Gonzalo Munévar


The view that science is typically a cumulative, progressive process, as suggested by some historians of science and some scientific realists, is undermined both by history and by evolutionary considerations about the nature of science. The attempts to use evolutionary biology to portray scientific development as continuous are based on unfortunate analogies to the evolution of life. A proper application of evolutionary biology, in combination with neuroscience, defeats the case for the realism in question and leads to the realization that science is not only open to radical transformation, as history indicates, but that it should be so. Non-evolutionary approaches for the historical continuity of science, such as Lakatos’, do not fare much better. As I will argue, science is a radical form of knowledge.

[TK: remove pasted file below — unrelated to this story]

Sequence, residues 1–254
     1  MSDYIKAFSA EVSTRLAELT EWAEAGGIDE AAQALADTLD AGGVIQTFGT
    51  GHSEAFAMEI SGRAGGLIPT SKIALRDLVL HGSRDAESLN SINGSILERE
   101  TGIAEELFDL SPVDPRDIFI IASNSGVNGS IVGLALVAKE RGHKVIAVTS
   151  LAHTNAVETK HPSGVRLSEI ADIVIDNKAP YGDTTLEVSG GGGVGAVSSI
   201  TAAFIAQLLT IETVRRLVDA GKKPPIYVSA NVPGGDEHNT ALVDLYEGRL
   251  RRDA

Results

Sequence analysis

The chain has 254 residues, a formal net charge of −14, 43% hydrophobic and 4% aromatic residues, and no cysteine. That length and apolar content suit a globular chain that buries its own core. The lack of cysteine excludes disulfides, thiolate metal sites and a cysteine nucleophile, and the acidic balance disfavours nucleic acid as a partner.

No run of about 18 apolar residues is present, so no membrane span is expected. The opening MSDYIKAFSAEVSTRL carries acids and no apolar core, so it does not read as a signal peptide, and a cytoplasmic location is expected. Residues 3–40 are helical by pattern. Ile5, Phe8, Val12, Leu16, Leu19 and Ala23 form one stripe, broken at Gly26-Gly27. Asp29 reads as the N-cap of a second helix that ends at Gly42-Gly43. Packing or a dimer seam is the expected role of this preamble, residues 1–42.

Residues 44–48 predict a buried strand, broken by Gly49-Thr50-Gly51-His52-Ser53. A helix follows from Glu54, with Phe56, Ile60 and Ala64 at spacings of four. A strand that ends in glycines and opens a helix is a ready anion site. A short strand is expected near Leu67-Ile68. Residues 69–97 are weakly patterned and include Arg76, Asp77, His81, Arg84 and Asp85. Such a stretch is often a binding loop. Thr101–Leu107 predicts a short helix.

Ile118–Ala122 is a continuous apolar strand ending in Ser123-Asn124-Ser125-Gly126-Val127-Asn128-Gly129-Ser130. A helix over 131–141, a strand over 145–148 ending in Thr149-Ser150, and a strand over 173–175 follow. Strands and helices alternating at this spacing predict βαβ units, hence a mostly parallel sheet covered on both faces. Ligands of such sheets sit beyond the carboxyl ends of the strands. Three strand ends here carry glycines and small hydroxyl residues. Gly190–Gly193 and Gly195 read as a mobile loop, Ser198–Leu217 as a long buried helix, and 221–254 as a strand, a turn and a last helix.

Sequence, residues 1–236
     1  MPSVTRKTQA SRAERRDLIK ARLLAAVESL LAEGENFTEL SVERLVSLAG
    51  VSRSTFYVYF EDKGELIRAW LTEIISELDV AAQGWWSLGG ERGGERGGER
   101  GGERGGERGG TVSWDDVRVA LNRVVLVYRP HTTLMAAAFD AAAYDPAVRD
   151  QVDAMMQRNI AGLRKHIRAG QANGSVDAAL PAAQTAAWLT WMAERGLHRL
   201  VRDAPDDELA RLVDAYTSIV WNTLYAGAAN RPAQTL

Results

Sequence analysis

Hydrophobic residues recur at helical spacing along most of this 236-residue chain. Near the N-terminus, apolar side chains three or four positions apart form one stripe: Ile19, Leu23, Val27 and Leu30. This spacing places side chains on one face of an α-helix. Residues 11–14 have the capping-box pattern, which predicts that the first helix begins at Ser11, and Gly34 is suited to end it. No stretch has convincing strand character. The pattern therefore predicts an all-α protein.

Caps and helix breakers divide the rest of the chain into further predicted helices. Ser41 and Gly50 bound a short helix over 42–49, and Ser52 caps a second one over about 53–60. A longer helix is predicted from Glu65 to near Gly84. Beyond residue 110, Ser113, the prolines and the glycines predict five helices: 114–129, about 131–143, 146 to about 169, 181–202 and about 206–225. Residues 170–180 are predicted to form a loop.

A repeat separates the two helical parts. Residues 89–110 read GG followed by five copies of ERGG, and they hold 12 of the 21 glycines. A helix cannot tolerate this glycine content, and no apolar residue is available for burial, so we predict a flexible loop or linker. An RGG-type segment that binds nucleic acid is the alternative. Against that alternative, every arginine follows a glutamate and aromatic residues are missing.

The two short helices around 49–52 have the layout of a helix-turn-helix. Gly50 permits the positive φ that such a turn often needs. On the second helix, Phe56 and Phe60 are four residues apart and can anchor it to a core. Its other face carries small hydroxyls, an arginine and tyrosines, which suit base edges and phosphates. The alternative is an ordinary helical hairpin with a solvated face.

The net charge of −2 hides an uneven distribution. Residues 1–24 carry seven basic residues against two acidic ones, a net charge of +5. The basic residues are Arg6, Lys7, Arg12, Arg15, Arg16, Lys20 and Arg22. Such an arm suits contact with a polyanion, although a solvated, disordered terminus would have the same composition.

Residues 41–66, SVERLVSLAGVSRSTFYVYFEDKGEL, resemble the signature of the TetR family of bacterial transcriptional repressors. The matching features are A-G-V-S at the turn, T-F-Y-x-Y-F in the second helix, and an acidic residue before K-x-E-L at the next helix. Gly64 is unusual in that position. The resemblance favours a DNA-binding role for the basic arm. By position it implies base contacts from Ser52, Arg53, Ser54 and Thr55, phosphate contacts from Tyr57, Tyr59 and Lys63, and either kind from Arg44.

Palabras clave

Feyerabend; Galileo; Lakatos; Evolutionary Epistemology; Realism; Evolutionary Relativism; Proliferation of Theories; Relative Truth.

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